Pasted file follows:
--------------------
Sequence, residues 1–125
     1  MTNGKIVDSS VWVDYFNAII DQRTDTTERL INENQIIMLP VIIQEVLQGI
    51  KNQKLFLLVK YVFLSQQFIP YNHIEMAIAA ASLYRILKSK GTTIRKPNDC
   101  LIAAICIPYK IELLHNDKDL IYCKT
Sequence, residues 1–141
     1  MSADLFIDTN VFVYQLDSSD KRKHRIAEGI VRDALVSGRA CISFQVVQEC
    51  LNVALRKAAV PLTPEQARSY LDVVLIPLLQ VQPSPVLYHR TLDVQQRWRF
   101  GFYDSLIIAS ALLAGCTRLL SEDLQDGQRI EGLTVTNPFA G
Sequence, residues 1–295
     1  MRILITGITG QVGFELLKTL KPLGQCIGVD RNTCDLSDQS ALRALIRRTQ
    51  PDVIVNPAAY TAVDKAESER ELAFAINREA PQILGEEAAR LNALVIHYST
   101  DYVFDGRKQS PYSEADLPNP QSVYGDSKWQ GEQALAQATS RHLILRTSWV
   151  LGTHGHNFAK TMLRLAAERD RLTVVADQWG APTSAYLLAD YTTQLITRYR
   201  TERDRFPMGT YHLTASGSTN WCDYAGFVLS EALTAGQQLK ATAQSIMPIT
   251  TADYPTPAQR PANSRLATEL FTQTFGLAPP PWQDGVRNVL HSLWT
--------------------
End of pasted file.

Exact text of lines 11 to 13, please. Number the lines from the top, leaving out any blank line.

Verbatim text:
    51  PDVIVNPAAY TAVDKAESER ELAFAINREA PQILGEEAAR LNALVIHYST
   101  DYVFDGRKQS PYSEADLPNP QSVYGDSKWQ GEQALAQATS RHLILRTSWV
   151  LGTHGHNFAK TMLRLAAERD RLTVVADQWG APTSAYLLAD YTTQLITRYR